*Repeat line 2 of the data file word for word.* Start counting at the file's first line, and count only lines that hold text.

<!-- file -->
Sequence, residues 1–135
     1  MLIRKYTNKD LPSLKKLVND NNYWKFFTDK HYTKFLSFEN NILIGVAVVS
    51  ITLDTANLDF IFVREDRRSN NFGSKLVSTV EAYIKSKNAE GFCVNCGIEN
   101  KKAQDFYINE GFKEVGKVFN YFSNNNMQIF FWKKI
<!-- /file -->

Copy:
     1  MLIRKYTNKD LPSLKKLVND NNYWKFFTDK HYTKFLSFEN NILIGVAVVS